How did you hook up with Robert Keeley for the design of the reverb and tremolo in The Amp? Do you envision any other collaboration with him in the future, or indeed other pedal manufacturers?
“Robert Keeley and I were initially put in touch by Josh Scott from JHS pedals. He talked Robert into using a Creamer in his NAMM booth, and Robert was immediately smitten with the overall Milkman vibe. I ended up building him one of my 40-watt Mini 12-inch combos, which he keeps at his house. When it came time to develop The Amp, Robert kind of forced my hand a little, in a good way. He would not allow me to use a digital reverb program that was not up to his personal standard.
“About a week before the NAMM show in 2018, he overnighted a package with his reverb program and I have to admit, he made The Amp what it is today. His reverb program sounds amazing and it responds like a real reverb tank. It’s very impressive. I’m sure we’ll work together more in the future – he and his team are extremely talented.”
You say prefer to work alone – can you expand on why that’s preferable for you?
“I like to work alone, because I find that I’m much more productive that way. I am not antisocial or anything like that. It’s actually kind of the opposite: when there is someone working near me, I become Mr Chatterbox and nothing gets done. I also like to lose myself in the work. It’s a zen thing, just like when I’m playing music or driving long distance. When I’m building amplifiers I’m able to tap into the flow state and melt away into a different consciousness. That’s the state of creativity and it’s where ideas find their way into my path. It’s a nice place to be.”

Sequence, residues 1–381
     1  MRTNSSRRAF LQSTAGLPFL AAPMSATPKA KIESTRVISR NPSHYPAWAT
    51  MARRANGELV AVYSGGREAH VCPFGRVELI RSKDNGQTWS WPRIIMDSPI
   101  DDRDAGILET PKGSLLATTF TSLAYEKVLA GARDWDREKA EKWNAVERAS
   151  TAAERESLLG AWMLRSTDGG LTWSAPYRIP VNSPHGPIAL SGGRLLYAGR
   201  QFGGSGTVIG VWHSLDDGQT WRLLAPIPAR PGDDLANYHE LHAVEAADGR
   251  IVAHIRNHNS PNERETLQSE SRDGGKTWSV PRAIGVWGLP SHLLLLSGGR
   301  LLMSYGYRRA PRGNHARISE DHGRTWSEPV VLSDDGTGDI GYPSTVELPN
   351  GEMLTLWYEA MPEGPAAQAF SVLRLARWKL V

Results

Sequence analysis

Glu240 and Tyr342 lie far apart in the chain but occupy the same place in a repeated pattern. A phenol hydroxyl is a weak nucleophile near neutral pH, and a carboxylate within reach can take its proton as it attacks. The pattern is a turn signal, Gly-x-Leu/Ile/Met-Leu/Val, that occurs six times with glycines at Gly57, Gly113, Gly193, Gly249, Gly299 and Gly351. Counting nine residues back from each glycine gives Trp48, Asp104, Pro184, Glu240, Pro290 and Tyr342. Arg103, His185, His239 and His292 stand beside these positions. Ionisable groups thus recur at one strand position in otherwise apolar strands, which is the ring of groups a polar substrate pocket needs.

Have you thought about relocating your business out of San Francisco, given the cost of living?
“I have thought about it, but it really pains me to think that the next stage of my life will take place elsewhere. I truly love San Francisco. The overall vibe here suits me and the weather is perfect, too. I live in California, but I can’t deal with heat. Where else am I going to live that’s 65º all year long, for the most part? The creative soul and culture of San Francisco is still lurking beneath all this tech stuff. There’s an amazing music and food scene and pretty much everywhere you want to go is walking distance. It’s a magical never-never land and I don’t want to grow up!”